I found the referrals exercise really useful in becoming more aware of how I use the two thinking styles.


I found this exercise really useful and the worksheet does help you to focus. 


I have found this exercise really helpful.  I did SI Module 2/3 in 2015 and I haven’t really done anything academic since.  I feel very out of practice.  It has made me realise that I am definitely one of those people who skim reads, looks at the abstract and then move onto the conclusion.  I found the worksheet really helpful at guiding me to look at the finer details and question and analyse in more depth.  I definitely need more practice and will download the e-book suggested.

Advanced Practitioner

Wisarat Prarakanont

This is my furthest achievement as an SI Practitioner. I have had fun all along and it is the profound knowledge that makes it fun.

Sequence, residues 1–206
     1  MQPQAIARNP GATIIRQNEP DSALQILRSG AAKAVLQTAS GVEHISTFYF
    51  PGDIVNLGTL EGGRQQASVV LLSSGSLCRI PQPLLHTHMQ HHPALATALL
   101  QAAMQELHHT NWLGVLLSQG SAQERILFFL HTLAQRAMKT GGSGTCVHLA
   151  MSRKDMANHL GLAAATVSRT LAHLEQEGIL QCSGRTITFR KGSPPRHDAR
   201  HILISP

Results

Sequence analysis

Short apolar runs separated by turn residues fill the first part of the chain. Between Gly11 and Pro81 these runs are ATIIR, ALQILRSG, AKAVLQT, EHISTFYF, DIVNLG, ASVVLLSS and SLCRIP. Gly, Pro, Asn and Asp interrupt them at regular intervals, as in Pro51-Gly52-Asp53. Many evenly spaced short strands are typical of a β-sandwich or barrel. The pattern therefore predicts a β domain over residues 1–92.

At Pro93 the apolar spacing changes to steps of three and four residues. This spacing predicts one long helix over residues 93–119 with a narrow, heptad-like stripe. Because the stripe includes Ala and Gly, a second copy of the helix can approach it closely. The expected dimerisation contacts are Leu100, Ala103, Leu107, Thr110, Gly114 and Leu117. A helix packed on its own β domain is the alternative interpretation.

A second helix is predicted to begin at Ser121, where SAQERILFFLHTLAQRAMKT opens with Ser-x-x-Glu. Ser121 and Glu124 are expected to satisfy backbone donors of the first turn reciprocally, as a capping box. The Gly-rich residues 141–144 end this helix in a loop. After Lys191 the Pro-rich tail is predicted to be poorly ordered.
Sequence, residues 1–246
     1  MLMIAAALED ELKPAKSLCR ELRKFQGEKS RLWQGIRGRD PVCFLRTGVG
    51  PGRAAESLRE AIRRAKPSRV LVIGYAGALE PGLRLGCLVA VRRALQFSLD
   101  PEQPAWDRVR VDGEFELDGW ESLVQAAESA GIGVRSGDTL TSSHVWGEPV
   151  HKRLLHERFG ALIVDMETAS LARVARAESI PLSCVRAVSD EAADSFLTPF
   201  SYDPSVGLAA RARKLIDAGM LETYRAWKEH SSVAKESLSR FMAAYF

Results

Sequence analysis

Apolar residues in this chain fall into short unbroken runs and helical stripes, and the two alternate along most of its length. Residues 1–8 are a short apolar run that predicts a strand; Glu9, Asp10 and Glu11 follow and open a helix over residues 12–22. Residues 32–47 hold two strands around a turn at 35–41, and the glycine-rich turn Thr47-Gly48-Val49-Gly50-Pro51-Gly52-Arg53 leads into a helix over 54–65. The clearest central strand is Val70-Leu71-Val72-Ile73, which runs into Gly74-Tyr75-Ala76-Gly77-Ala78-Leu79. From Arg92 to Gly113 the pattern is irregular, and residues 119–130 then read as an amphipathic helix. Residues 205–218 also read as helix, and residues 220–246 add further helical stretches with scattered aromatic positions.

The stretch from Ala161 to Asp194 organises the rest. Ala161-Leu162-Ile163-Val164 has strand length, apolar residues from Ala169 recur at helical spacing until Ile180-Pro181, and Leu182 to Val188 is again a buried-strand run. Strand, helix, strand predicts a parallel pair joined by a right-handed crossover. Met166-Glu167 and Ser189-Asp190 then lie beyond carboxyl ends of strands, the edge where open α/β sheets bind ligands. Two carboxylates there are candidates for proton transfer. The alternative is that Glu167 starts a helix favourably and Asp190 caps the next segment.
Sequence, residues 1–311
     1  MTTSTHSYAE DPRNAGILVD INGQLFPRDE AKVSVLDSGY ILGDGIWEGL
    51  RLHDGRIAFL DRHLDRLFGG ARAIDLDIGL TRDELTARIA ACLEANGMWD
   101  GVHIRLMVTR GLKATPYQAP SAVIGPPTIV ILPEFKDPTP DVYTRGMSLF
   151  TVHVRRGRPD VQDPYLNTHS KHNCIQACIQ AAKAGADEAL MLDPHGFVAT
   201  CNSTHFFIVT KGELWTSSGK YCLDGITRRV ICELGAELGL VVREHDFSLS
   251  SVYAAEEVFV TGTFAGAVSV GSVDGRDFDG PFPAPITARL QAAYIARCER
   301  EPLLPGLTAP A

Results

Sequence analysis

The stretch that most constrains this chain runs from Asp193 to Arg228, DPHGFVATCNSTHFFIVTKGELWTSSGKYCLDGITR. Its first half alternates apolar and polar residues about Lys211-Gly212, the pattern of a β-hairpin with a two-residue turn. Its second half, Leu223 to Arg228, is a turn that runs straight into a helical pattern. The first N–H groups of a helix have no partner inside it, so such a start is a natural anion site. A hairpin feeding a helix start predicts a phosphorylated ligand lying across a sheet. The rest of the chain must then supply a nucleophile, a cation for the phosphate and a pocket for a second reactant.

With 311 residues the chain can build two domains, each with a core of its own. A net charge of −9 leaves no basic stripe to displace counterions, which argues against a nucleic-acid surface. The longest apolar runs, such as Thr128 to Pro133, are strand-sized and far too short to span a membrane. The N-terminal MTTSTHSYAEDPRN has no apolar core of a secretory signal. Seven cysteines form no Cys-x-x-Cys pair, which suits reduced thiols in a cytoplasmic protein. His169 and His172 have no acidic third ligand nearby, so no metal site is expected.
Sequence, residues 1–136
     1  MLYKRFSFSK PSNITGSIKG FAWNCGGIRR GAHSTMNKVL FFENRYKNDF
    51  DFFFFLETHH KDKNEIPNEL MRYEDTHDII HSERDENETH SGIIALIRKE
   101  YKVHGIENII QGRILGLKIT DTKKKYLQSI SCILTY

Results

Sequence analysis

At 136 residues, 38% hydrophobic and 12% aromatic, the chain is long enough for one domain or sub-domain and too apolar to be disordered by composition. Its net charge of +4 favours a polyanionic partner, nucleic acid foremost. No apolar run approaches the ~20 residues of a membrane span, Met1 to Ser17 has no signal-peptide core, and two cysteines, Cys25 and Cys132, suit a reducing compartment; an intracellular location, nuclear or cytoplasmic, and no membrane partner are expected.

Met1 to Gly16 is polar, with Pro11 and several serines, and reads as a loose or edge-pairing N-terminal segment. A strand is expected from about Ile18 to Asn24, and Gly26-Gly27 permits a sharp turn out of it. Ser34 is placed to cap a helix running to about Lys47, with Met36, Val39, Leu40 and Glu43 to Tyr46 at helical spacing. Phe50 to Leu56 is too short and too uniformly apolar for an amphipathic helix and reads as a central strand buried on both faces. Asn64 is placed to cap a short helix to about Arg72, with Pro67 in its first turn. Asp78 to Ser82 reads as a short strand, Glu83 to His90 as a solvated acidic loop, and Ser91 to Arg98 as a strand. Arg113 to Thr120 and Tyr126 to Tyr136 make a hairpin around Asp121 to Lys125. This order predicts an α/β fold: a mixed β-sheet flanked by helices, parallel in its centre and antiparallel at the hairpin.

Advanced Practitioner

Clare Rooke

SI Module 4 was an interesting challenge in lockdown. I’m now looking forward to putting my new learning into practice.

Advanced Practitioner

Beverley Roberts

The SI training has inspired my learning whilst opening up new opportunities in clinical practice. SI 4 is just the start of the next adventure and developing service provision. A massive thank you to everyone who supported me to reach this extraordinary goal.

Book a telephone appointment with our Director of Student Development if you’d like to talk through any questions before or after you apply.